In this report, we successfully generated RAG2-/-IL2Rγ-/YFAH-/- (RGFKO) triple knockout Diannan miniature pig by SCNT through a two-step sequential mutation of RAG2 followed by IL2Rγ and FAH by CRISPR/Cas9. Consistent with previous reports of RAG2-/- (27, 36, 37), IL2Rγ-/Y (35, 37), RAG2-/-Il2rγ-/Y in Landrace cross large white pigs (38), and RAG1-/- IL2Rγ-/Y FAH-/- in Landrace cross large white pigs (39), we observed that RGFKO pigs had hypotrophied or absent thymus, hypocellular spleen, reduced numbers of T, B and NK cells, as well as defective V(D)J recombination. In contrast to single RAG2-/- or IL2Rγ-/Y knockout pigs where no differences in spleen size was observed compared to wildtype (36, 37, 40), the spleens of RGFKO pigs were notably slimmer and smaller. Interestingly, we observed that at a transcriptional level, in contrast to CD8, CD19 and IL2Rγ whose expression were reduced, CD4 expression was not significantly different between RGFKO and wildtype pigs. This is consistent with the observation in RAG2-/- mice, where CD4 expression was not significantly different from wildtype mouse (41). Similarly, CD4 mRNA expression was also not reduced in RAG2-/- pigs compared to wildtype pigs (26).
In B cell development, CD45RA is expressed from pro-B stages onwards (42). VDJ recombination occurs at the pre-B stage, and successful VDJ recombination results in the progression of pre-B into immature B-cell. Immature B-cell then travel to the spleen where they undergo further maturation before entering the peripheral blood. We observed the presence of CD45RA+ B cells in the spleen but not in the periphery. This suggested that there is a block in B cell development from the pre-B stage onwards, which is consistent with the loss of VDJ rearrangement (43). Consequently, B cell maturation in the spleen is impaired, resulting in their sequestration in the spleen. In contrast to B cells, most thymocyte T cell populations are CD45RA-. VDJ recombination occurs in DN3 stage and is required for thymocyte maturation into single positive T cells. CD45RA expression is only increased at the final step of T cell maturation in the thymus (44). We observed that T cell populations in both peripheral blood and spleen were CD45RA-. This supports the notion that T cell maturation has been arrested in the immature thymocyte stages. These immunological changes along with the reduced rearrangements of VDJ TCR or IGH fragments strongly suggest the RAG2 inactivation. Coupled with the absence of NK cells and the significant reduction in IL2Rγ expression at both transcript and protein levels indicate the successful knockout of RAG2 and IL2Rγ.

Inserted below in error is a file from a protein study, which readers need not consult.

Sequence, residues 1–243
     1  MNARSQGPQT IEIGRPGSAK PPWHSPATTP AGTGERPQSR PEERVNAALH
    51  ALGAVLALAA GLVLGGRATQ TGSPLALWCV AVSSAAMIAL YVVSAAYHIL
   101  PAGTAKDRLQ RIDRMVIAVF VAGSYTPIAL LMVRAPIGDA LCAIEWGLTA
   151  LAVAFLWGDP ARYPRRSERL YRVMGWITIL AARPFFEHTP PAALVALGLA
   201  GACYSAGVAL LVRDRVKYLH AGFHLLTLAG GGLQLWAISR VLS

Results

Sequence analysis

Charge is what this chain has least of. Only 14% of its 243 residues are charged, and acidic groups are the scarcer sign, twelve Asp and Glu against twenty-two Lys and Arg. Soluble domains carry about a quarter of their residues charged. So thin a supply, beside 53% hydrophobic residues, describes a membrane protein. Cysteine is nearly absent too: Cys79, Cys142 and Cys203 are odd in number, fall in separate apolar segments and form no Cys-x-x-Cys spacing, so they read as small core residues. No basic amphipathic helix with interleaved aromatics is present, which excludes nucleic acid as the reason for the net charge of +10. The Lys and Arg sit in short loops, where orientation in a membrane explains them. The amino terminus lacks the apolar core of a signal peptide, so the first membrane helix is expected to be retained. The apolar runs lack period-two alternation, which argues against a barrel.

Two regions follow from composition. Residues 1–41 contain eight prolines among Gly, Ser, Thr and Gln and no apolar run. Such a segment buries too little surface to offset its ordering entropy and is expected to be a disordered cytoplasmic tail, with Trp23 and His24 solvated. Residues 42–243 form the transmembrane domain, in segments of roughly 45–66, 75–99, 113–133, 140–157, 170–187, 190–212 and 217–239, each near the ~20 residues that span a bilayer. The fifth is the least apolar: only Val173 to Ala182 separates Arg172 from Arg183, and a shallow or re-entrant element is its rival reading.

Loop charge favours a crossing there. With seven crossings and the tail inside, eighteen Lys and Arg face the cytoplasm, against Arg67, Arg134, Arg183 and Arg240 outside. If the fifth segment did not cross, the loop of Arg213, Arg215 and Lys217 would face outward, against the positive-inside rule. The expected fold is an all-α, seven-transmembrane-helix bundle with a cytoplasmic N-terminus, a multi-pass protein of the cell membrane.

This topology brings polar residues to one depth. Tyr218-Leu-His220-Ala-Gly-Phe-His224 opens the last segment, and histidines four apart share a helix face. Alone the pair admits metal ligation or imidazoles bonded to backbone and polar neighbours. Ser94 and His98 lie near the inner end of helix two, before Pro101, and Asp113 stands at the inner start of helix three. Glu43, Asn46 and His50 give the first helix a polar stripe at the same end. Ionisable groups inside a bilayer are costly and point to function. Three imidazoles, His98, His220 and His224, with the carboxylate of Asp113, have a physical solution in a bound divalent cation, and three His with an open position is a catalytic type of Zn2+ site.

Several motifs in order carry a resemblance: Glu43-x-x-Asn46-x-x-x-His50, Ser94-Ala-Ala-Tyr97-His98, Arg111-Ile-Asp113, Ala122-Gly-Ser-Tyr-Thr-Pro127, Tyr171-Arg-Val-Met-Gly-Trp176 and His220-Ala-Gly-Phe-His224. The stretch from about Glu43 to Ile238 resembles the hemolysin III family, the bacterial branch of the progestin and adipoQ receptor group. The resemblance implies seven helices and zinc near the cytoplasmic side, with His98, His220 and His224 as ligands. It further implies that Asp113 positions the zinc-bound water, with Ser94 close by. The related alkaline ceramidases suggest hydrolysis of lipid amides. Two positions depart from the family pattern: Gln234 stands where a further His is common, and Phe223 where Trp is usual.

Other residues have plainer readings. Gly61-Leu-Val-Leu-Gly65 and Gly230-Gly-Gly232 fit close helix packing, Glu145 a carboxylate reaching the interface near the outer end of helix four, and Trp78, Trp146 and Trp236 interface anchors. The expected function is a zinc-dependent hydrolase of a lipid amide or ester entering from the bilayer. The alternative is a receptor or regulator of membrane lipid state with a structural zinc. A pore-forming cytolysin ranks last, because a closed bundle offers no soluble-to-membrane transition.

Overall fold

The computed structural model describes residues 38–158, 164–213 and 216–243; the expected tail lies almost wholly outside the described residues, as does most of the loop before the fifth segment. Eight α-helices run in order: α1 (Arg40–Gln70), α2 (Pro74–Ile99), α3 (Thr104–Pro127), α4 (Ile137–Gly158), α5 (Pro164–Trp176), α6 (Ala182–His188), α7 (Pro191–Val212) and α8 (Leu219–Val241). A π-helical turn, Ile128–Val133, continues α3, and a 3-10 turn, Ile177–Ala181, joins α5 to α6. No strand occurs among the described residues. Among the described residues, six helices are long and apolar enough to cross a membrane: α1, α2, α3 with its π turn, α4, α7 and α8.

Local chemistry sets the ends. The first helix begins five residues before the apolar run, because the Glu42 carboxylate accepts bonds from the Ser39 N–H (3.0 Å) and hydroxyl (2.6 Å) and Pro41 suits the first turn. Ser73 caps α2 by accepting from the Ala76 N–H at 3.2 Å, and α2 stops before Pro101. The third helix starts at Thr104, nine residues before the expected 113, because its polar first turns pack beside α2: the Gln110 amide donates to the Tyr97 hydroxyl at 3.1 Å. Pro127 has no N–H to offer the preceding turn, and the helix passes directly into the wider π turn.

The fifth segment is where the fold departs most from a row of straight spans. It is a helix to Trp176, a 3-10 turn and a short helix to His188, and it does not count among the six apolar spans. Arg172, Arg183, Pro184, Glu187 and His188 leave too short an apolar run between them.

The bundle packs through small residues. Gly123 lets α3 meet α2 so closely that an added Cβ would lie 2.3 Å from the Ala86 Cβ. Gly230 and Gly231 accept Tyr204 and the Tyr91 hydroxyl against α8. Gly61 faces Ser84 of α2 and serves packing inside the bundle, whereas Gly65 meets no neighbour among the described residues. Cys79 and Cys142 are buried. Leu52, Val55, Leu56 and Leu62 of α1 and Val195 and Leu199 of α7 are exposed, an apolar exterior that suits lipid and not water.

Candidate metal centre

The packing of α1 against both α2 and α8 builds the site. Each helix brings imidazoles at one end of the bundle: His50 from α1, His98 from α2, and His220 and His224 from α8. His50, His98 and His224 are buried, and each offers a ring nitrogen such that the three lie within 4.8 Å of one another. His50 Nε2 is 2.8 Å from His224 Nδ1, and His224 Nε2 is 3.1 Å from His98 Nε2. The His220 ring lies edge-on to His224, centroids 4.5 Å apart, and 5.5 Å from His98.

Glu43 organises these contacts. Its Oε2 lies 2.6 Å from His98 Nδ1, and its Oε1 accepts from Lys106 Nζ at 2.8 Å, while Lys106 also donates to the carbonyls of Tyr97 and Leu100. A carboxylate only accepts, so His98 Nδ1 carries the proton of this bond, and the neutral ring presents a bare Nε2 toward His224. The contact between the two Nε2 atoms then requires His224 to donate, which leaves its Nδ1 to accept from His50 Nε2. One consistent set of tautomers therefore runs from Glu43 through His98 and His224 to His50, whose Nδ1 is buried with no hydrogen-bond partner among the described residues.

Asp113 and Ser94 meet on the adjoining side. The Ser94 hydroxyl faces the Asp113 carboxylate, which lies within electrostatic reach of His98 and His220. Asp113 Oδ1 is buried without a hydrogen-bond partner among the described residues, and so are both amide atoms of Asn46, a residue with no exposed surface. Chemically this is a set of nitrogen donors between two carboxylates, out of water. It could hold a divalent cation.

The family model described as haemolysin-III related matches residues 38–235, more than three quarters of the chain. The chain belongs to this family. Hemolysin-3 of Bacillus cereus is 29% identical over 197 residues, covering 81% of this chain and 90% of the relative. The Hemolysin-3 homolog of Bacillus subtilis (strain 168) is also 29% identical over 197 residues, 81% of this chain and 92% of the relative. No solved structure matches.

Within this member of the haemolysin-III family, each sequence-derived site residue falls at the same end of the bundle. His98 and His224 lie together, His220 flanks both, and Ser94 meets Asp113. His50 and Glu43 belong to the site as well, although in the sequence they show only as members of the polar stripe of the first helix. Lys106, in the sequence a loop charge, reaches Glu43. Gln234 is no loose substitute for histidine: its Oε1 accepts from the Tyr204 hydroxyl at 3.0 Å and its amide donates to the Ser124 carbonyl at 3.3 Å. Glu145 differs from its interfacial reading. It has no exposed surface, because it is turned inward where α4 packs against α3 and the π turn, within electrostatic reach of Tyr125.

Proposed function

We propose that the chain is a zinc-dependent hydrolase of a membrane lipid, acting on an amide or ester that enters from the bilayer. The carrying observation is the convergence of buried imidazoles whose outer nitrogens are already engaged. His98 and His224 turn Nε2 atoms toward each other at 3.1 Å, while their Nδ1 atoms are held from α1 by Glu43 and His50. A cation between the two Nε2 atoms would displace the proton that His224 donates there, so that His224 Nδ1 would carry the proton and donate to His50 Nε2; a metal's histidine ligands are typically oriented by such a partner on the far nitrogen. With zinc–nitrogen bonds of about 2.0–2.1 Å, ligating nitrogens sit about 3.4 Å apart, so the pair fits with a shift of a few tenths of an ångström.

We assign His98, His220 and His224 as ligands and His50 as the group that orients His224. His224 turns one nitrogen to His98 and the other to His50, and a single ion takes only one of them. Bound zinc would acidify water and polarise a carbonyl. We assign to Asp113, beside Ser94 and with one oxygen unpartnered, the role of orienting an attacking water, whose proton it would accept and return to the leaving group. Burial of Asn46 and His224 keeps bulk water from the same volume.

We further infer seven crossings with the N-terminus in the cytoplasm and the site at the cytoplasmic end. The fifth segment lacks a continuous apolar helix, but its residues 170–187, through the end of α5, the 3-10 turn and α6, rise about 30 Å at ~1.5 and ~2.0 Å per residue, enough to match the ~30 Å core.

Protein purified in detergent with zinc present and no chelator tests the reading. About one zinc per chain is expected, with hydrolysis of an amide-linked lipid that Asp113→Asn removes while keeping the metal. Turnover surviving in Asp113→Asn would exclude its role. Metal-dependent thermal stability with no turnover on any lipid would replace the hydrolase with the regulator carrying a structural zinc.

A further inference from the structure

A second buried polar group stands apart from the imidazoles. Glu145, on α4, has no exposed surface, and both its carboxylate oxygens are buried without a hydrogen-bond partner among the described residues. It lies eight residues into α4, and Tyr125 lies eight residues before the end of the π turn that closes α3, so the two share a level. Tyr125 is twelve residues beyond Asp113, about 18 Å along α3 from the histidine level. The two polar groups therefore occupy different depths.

In addition to the defects in the immune system, FAH expression in RGFKO pigs is dramatically reduced. We showed that consistent with the observations of (32), absence of NTBC supplementation during gestation led to in utero fetal death by day 30 of pregnancy, whereas gestational NTBC supplementation rescued RGFKO fetuses. When NTBC is withdrawn after birth, RGFKO suffered liver damage characterized by cytoplasmic ballooning degeneration and disruption of liver architecture.
However, by combining immunodeficiency with liver injury, the challenges involved in maintaining RGFKO pigs are also doubled. Firstly, the RAG2-/- genotype is associated with a high rate of still-births when housed in conventional living conditions (27, 36). Secondly, due to the absence of FAH, NTBC administration during gestation needs to be appropriately titrated to support in utero fetus development (32). As such, out of 26 RGFKO fetuses, only two live RGFKO piglets were successfully delivered. When housed under conventional living conditions, the lifespan of RAG2-/-immunodeficient pigs were reported to be between 1-3 months (27, 36, 37). Here, we report that RGFKO pigs survived up till one month under conventional housing conditions. The shorter lifespan of RGFKO pigs was probably exacerbated by NTBC withdrawal after the third day of birth. As reported earlier that taking off NTBC FAH-/- succumbed of pigs within 20 days (32). With gnotobiotic living conditions (38) and continual supplementation of NTBC (32), survival of RGFKO pigs is expected to be vastly improved. Nonetheless, an important aspect of this study is that we have demonstrated the feasibility of producing an immunodeficient liver-damage pig model, which represents the foundational steps towards the future development of a humanized liver in pigs.